Dar Singh: ‘I feel more Pakistani than Indian now’

Hairstylist Dar’s client list includes IK, Aish, Sallu and many more.

Momina Sibtain October 24, 2013
Hairstylist Dar’s client list includes IK, Aish, Sallu and many more.

LAHORE:


UK-based Indian hairstylist Dar’s extensive list of loyal clients includes stars from Hollywood (Goldie Hawn, Pierce Brosnan) and Bollywood (Aishwarya Rai, Gurinder Chada, Salman Khan) as well as our very own ex-cricketer-turned-political leader Imran Khan.

Over the last two decades, Dar has successfully built a name for himself and has also worked with top photographers. His work has also been featured in magazines including Vogue, Cosmopolitan and Harper’s Bazaar.

On his recent visit to Lahore, he admits he has a soft corner for the city and its friendly people.


“I was working at Vidal Sassoon when Imran [Khan] and I became friends. He invited me to Pakistan and I was introduced to [socialite] Yousaf Salahuddin,” Dar says, recalling a time when Imran was playing for Sussex. He admits Lahore is one of his favourite places to visit and that he has stayed at Salahuddin’s haveli multiple times. “The people are so hospitable and welcoming that Lahore feels like home,” he says.



“I feel more Pakistani than Indian now, and to me, Lahore is the most beautiful city in the world because the old city still has its character,” the Malaysian-born Indian stylist admits.

Dar’s career started off as him being an assistant at Bruno & John — a salon that later shut down — and soon switched over to Vidal Sassoon and worked there for almost seven years. “Growing up, I knew I wanted to be involved in the fashion industry and I hated formal schooling,” he says. “During my stay at Vidal Sassoon, I met some of the most influential hairdressers of time.” He admits they taught him to treat hair like architecture. “You have to look out for the height of the woman, length of the neck, face cut, shape of the body and the social aspect of her life.”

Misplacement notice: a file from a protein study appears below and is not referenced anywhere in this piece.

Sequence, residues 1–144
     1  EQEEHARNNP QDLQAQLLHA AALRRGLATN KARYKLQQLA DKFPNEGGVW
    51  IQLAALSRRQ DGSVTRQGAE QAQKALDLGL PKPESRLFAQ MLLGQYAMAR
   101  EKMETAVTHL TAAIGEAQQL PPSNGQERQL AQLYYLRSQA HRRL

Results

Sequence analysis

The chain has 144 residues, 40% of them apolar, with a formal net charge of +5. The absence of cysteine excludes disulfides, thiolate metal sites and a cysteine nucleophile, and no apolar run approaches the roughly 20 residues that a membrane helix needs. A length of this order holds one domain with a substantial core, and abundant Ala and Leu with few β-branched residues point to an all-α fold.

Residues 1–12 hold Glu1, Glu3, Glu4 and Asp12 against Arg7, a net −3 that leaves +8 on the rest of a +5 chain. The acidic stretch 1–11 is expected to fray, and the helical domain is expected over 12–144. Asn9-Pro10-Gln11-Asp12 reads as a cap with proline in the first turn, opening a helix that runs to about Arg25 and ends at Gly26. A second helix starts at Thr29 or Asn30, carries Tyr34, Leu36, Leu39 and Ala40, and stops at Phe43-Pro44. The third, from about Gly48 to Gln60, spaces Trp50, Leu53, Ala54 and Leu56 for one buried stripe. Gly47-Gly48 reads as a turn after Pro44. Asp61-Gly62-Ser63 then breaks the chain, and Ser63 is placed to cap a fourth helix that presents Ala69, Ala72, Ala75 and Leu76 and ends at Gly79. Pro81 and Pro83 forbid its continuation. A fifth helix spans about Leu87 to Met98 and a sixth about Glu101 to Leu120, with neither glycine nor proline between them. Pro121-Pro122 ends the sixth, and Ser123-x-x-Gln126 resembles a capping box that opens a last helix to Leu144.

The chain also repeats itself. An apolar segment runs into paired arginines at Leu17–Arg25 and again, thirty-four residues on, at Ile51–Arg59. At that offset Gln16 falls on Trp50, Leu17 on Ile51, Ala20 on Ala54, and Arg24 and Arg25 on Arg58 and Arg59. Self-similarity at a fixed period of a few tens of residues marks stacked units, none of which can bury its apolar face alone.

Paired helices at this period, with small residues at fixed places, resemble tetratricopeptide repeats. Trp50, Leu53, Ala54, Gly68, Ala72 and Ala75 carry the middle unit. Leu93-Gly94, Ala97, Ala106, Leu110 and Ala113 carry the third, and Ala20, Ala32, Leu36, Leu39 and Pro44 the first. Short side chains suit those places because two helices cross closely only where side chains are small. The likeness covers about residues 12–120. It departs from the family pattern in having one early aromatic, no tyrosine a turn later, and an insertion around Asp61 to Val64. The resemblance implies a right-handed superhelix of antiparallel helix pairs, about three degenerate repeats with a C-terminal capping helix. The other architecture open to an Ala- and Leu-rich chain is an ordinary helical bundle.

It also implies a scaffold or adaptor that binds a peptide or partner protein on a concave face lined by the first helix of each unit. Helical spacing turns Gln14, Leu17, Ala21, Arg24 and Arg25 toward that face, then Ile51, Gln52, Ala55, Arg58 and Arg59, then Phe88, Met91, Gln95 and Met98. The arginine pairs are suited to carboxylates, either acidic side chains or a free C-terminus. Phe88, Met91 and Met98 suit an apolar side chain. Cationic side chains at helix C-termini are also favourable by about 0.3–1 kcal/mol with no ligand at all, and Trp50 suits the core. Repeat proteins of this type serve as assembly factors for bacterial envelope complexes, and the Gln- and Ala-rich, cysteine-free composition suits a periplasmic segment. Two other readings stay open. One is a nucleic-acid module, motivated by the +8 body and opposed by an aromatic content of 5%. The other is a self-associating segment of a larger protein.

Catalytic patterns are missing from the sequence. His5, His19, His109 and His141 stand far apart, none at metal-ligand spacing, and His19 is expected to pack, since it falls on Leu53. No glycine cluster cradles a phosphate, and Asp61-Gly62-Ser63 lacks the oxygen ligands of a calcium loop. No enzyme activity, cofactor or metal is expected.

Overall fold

The stylist feels the right haircut helps create the optimal look for a particular woman. Whether it’s a socialite or a secretary, all women require a certain attitude and finesse. “A good hair dresser will sculpt your hair, not cut it,” Dar continues. “The mark of a good haircut is not whether it looks good after a blow dry — it’s that you don’t need to style your hair everyday in order for it to look fantastic.”

From cut to colour, it’s all about creating the ‘complete look’ for Dar. “Even colouring your hair is very scientific. The colour should not only complement one’s skin tone, but should also sculpt the hairstyle,” he explains. It’s thus safe to say that Asian skin is not made for blonde streaks and ultra-light shades. So ladies, switch to a colour that will complement your skin tone and bring out your personality.

“I feel that each woman is beautiful and her beauty needs to be accentuated and not hidden,” Dar says. Whether it’s long hair or short hair, it needs to be cut in a manner that is flattering to the body and helps enhance it, he adds.

It’s Dar’s individual style which has won him acclaim in the hair dressing industry worldwide. “I have always been about creating looks for tomorrow (the future),” he says. The stylist has travelled with Wella, Red Ken, L’Oréal and KMS, conducting seminars all over Europe.

For the next week, Dar will be available for appointments at Arammish Spa and Salon, offering his services for a subsidised rate of Rs12,000.

Published in The Express Tribune, October 25th, 2013.

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COMMENTS (30)

Maula Jatt | 6 years ago | Reply | Recommend

Many Hindu men and women who convert to Islam in Western countries, even in India, feel more Pakistani than Indian. Thousands of Hindus are converting to Islam yearly, marrying into Pakistani families and even moving to Pakistan or living in Pakistani communities in the West. It is no surprise as Pakistanis are more accepting than many people in the world.

Dar Singh, you are welcome in Pakistan anytime.

BruteForce | 6 years ago | Reply | Recommend

@Rathore:

If Kashmir is so uncontrollable, why are so many visitors visiting such a volatile, dangerous place?

http://www.greaterkashmir.com/news/2013/Jun/7/as-tourist-arrivals-swell-kashmir-grapples-with-room-shortage-37.asp

Simple question.

Logic dictates no would dare tour any dangerous areas. Like not many Tourists visit Pakistan, as per your logic no one should visit Kashmir either.

But, more people have visited Kashmir this year, than the number of Tourists to the whole country of Pakistan!

So, Kashmir logically speaking, is much much less volatile than Pakistan.

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